Torchlight III does feature a customizable fort, but it doesn’t really serve much of a purpose. You have a fairly small space that you can decorate with tents, trees, tables, and trophies. I suspect the main reason the fort exists is because its a remnant from the game’s free-to-play live service origins, as some aspects of the fort don’t make much sense otherwise.

You’ll find resources like rocks, wood, and so on throughout the world that can be used to craft decorations at your fort. The fort has some stations that serve an actual purpose, like a pet shelter where you can store unused animal companions, and a player stash.

There are also stations that are used to convert the various resources that you’ll find. The sheer number of resources, the need to convert them, and the timers associated with gathering and converting them feel like free-to-play cow clicker elements from a cheap mobile game.

There are also several structures you can feed various special resources to. The Luck Tree consumes loot to increase your gear luck, while the Crowning Worldgnasher consumes a resource dropped by goblins to increase your fire defense. The only mildly interesting stations at the fort are the item enchanting tables, as the rest require you to dump resources dropped by specific enemy types to gain small percentile increases to elemental defense.

Torchlight III

A lot of these systems feel like they were originally designed to be microtransactions. The game’s respec system is another mechanic that feels like its a remnant from its early free-to-play business model, as respecing your character requires you to spend a relatively rare item drop to recover a single skill point at a time.

I’ve heard a lot of people complain that Torchlight III is extremely buggy, though I haven’t encountered the same issues. The most glaring bug I’ve encountered happened after the last patch, which causes all the corpses on the ground to rotate whenever I move my character.

While it’s not a bug per se, I do feel like the pathfinding isn’t especially good in the game. Trying to move around while in combat feels particularly unresponsive, which can get annoying during boss fights when you are trying to dodge the big, telegraphed attacks.

By the time I hit the 12 hour or so mark in Torchlight III, I came to a pretty damning realization: I just wasn’t having much fun. The combat is okay, there are some interesting skills here and there, and some of the legendary loot is cool, but the game overall just feels so uninspired, bland, and boring. I spent a lot of time with the first two Torchlight games, and Torchlight III just feels like a hollowed out husk wearing the franchise’s skin.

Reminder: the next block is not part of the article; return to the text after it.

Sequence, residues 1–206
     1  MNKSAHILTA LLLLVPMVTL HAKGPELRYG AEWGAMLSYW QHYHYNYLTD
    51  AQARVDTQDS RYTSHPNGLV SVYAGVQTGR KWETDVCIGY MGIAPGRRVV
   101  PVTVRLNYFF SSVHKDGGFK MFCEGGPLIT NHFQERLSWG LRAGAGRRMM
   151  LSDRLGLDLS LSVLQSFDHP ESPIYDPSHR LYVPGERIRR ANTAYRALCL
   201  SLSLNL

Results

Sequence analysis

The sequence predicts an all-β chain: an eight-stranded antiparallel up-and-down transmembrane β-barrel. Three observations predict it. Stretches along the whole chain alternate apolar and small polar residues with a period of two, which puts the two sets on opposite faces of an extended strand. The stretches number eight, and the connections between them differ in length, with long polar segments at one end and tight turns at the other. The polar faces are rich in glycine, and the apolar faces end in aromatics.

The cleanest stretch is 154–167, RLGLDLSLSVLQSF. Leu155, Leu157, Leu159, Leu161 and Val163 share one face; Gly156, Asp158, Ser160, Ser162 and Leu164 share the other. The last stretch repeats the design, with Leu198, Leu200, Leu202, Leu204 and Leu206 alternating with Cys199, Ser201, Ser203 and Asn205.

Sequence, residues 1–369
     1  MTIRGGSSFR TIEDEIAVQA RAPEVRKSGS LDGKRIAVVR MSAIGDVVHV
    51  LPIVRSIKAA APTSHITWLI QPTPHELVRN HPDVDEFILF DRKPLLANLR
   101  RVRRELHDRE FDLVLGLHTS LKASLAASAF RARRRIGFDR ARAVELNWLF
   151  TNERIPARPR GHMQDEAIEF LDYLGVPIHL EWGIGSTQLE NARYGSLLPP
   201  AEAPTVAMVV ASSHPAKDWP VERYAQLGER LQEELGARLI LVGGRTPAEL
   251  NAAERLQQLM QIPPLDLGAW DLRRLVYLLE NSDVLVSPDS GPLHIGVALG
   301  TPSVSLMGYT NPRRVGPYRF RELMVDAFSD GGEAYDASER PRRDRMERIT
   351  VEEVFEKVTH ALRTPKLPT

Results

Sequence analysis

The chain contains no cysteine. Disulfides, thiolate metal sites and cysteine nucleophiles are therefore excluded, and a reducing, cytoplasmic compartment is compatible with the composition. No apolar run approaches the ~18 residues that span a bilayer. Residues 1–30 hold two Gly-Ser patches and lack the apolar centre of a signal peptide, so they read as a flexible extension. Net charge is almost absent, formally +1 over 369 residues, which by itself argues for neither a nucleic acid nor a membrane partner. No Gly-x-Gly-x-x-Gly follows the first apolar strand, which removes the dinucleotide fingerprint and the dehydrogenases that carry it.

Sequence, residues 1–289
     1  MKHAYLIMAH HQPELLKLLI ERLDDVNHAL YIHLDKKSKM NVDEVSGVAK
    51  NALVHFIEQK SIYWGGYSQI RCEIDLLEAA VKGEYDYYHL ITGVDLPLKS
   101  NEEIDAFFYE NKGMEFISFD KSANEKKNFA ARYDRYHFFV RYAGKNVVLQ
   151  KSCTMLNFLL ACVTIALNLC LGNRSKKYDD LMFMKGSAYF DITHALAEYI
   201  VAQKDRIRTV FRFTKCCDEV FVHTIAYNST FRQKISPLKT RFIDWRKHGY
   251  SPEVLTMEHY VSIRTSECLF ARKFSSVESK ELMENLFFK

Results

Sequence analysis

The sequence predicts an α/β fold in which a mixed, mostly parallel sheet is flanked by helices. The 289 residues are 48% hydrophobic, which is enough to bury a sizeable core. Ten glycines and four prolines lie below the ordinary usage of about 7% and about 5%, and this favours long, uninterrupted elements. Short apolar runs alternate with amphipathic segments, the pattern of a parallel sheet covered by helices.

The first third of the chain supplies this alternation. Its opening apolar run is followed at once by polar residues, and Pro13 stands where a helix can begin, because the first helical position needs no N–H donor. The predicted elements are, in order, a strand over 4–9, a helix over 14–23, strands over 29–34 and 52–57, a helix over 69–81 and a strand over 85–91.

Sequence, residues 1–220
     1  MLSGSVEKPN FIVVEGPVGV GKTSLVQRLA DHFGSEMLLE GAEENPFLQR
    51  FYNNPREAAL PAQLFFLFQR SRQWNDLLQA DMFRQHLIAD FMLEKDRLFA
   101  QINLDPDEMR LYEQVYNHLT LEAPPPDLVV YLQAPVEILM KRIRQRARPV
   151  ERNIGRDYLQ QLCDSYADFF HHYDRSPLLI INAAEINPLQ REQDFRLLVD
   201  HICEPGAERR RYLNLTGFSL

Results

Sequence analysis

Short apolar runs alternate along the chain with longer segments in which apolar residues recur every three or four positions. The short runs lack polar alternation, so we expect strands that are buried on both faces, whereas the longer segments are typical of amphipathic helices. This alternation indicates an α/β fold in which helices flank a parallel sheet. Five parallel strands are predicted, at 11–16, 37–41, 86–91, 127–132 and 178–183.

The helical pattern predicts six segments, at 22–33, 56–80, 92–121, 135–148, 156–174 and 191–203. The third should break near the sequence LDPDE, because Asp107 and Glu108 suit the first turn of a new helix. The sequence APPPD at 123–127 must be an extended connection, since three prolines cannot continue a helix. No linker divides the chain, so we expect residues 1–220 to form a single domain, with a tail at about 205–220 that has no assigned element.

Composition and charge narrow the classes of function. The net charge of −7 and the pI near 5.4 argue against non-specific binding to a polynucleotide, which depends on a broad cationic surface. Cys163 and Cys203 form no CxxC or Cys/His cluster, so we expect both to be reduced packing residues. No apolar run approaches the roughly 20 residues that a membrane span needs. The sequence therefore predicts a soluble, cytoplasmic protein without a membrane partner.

Torchlight III

As a standalone game, Torchlight III is a fairly dull but functional entry in a saturated genre dominated by the likes of Grim Dawn, Path of Exile, Diablo III, or even Torchlight II.

As a new installment in a beloved franchise, Torchlight III is a huge disappointment that fails to live up to its predecessors. Torchlight was never a very complicated or deep series to begin with, but Torchlight III strips out so much of that depth and doesn’t really replace it with anything else.

Even if you are absolutely desperate for a new action RPG experience, you are probably better off rolling up another character in Torchlight II or Grim Dawn over buying Torchlight III in its current form.

Torchlight III was reviewed on Windows PC using a review copy provided by Perfect World Entertainment. You can find additional information about Niche Gamer’s review/ethics policy here.

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The Verdict: 5.5

The Good

  • Four classes that do a decent job of making themselves feel unique
  • Lots of cute pets to find and collect
  • Combat is serviceable, and can occasionally get interesting

The Bad

  • Extremely simple character progression, with relatively few skills and no upgradable stats
  • World feels very barren and lifeless, with little to do beyond travel from story quest to story quest
  • Many features and mechanics from previous games were removed, including fishing and a proper gem system
  • The fort just isn't that interesting to build up, and overall seems a bit pointless
  • Loads of mechanics that feel like the remnants of its free-to-play live service origins
Frank Streva

About

Niche Gamer’s resident indie expert. Digs through the Steam new releases so you don’t have to. Massive fan of miniature and board games as well.